The great race of frequency response is a red herring. Letʼs suppose youʼre walking down the street and hear the sound of a piano coming from a second floor window. The window may only be cracked open a foot or so but you know that itʼs a real instrument. In fact, youʼd bet a thousand dollars that itʼs a real piano up there. A microphone parked beside the piano will pick up a response pattern which will be fairly smooth and extended in frequency. Another mic parked down on the sidewalk will exhibit a completely different waveform. The response will certainly collapse in a heap above 2 K hZ or so since the waveform will have to bend around the window frame and reach the street. Traffic noise will also certainly play havoc with the signal to noise ratio. And yet you will still bet that itʼs a real piano in the room up there despite the much distorted frequency response and extraneous noise. This goes against the rules of high fidelity. Perhaps weʼd better take another look at the things that matter. Cast your mind back to when you were a lad and you were always on the lookout for saber toothed tigers. When walking through the woods it was a matter of life or death to be able to locate the whereabouts of the beast. The snap of a twig and a few growls help to locate the position and distance lest you become lunch. Our ear/brain function has been evolving for thousands of years to enable us to survive. The reality aspect just like the 2nd floor piano was caused by time, not frequency. Those audiophiles who hunger for the reality of a music event seem to always bet on the wrong horse. As a result they constantly miss the boat. If your goal is to reproduce a music event that has any hope of sounding “lifelike” in your living room there are a few ground rules which must be adhered to. Ignore these rules at your peril.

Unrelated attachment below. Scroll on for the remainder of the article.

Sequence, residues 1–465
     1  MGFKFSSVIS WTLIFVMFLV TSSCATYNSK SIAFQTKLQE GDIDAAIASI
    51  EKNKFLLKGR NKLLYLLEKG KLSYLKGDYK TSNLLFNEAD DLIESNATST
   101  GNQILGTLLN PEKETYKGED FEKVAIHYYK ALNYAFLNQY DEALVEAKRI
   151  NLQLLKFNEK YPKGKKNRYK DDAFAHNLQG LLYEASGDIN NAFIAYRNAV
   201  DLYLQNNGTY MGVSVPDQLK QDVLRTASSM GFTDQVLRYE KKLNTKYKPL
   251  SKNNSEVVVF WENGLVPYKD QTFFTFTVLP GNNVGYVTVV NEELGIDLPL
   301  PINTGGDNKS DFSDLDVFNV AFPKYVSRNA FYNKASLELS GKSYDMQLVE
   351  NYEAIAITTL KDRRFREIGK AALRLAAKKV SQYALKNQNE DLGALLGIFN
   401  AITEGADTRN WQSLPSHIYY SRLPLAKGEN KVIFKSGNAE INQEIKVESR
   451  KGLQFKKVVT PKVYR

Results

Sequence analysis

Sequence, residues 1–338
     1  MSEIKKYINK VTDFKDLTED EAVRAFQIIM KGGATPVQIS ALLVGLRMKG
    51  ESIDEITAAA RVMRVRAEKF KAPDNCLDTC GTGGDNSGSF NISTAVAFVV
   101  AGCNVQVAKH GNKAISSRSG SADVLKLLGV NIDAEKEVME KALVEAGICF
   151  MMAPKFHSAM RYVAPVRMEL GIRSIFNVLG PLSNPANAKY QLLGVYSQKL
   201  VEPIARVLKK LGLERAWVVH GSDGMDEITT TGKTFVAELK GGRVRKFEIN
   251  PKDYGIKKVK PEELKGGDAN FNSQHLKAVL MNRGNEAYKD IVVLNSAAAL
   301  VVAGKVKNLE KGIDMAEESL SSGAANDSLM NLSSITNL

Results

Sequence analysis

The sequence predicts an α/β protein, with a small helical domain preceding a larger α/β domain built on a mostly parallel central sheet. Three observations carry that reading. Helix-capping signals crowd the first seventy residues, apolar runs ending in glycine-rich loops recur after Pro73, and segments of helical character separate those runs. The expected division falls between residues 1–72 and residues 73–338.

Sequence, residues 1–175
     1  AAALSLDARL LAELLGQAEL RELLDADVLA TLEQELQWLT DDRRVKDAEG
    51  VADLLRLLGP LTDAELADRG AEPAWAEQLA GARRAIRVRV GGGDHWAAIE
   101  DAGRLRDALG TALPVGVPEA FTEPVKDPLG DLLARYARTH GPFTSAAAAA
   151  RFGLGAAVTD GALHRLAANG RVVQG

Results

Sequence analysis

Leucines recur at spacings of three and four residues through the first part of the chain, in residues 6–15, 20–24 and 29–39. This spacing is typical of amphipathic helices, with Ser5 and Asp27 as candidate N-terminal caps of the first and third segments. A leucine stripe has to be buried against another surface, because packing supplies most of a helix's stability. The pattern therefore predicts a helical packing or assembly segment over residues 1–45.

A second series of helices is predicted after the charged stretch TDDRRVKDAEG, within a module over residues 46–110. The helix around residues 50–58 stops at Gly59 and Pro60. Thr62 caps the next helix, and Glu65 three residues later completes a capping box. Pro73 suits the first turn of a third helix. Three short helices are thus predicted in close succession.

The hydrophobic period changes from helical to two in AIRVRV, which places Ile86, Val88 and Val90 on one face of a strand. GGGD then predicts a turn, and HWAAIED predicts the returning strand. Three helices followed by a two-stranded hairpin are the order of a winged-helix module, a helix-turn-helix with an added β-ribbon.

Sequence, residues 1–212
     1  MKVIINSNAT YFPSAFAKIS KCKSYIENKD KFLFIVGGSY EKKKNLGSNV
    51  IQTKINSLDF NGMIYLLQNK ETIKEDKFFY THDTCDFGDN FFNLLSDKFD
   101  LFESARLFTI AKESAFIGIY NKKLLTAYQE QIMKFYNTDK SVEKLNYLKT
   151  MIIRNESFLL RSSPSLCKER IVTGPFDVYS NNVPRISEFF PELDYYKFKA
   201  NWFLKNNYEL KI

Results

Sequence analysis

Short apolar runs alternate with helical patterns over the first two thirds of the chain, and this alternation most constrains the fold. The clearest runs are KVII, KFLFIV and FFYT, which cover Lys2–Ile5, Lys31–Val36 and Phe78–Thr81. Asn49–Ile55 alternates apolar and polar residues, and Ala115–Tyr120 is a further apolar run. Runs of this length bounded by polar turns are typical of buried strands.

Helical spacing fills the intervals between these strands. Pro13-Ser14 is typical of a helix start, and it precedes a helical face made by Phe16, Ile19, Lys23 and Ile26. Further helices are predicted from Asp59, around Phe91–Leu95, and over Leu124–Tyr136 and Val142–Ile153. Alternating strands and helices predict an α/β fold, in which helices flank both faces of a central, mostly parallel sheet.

(1) Assuming a two channel playback system the performance must be recorded with two and only two microphones. Any additional micʼs and itʼs all over. Period.